- One of the bill’s most damaging provisions with far reaching consequences is the repealing of the requirement of the erstwhile Affordable Care Act (Obamacare), that all Americans need to compulsorily buy health insurance. Obamacare was imperfect yes, but sought to cover the needy with basic medical insurance. Its repeal could leave 13 million Americans uninsured and vulnerable to medical emergencies. Another casualty of this new move is that with the insured numbers being reduced, premiums for millions of others who avail insurance would increase.
The benefits to individuals are only in the form of sops, the real gravy has been reserved for companies:
- The bill slashes the maximum corporate tax rate from 35 percent to just 21 percent and what’s more the cuts are permanent and not reversible as in the case of individual tax rates.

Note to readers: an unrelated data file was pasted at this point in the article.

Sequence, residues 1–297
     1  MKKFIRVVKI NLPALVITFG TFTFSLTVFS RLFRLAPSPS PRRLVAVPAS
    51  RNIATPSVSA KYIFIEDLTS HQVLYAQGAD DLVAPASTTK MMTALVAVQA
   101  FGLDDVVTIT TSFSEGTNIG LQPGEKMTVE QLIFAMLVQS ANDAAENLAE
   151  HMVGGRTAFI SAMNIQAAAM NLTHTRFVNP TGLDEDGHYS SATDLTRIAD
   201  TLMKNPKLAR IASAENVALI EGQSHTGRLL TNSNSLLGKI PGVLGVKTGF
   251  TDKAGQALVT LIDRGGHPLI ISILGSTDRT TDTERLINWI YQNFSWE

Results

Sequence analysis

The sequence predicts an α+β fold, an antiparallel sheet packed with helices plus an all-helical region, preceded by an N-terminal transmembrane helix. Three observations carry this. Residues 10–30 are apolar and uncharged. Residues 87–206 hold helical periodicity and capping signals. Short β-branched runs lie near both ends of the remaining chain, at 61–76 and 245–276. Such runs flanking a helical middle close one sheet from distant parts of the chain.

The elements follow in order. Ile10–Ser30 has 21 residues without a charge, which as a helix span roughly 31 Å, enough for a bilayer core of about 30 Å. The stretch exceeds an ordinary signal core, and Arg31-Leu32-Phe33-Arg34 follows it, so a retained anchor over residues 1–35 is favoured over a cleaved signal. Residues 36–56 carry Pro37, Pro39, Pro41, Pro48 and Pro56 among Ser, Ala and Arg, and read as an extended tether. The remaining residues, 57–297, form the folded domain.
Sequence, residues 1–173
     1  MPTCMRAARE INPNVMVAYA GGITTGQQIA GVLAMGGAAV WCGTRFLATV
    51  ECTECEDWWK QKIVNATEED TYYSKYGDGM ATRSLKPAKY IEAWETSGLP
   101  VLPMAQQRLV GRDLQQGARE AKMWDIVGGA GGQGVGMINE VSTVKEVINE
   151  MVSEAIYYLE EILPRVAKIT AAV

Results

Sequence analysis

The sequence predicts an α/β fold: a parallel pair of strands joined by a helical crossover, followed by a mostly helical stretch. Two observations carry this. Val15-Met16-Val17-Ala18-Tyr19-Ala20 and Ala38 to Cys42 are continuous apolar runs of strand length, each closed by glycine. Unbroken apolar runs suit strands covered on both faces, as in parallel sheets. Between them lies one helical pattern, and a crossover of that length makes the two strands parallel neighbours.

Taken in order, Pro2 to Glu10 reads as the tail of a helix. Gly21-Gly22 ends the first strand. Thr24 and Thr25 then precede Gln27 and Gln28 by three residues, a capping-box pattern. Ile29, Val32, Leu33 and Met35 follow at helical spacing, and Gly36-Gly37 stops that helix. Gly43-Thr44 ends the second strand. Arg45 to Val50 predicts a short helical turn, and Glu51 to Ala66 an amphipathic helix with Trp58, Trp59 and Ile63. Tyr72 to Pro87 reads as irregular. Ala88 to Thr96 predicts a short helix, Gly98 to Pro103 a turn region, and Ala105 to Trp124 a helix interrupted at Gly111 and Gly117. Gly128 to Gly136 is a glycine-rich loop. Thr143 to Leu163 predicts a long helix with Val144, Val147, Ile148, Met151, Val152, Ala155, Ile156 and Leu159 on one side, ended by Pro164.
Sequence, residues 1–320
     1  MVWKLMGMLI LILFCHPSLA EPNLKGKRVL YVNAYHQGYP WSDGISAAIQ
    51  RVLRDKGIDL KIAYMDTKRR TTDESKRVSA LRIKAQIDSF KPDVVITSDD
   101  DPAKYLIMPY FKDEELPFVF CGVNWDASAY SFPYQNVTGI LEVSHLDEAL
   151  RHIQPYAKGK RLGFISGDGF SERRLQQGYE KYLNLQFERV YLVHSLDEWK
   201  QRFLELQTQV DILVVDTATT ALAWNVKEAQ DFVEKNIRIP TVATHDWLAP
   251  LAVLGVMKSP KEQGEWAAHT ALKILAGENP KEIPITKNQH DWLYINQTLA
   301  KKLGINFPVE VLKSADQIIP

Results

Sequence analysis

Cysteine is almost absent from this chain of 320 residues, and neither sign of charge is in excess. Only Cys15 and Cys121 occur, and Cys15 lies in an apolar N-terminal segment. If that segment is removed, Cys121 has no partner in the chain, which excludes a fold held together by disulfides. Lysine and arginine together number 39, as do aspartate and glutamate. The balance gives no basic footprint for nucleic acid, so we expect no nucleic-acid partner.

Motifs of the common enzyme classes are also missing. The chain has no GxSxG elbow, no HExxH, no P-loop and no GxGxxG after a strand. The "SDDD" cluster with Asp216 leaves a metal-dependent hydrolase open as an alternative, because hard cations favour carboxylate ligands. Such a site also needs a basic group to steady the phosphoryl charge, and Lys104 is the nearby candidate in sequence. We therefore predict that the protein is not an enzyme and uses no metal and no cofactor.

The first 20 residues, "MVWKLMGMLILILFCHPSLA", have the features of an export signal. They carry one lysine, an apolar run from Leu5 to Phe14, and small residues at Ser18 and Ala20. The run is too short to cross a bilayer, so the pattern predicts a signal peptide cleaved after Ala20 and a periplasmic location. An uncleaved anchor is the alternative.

- It allows businesses to claim deduction in case of newly purchased assets at one go instead of amortizing them over several years.
- The bill eliminates the corporate Alternative Minimum Tax or AMT. (Compulsory minimum tax to be paid if tax credits result in a tax rate lower than 20%). Thus companies can now get away with paying low/negligible taxes by showing ‘ R&D expenditure, welfare expenditure, backward areas investment’ etc to obtain tax credit.
- The tax bill shifts from a world tax system to a territorial tax system in which companies pay tax only on their domestic profits and is a windfall for multinationals in the long run. The current proposal of a one-time low repatriation tax of 15.5%/8% on profits parked overseas in effect rewards rather than penalizes companies that have stockpiled profits abroad and will generate a spike in revenue for the Govt. only in the current year.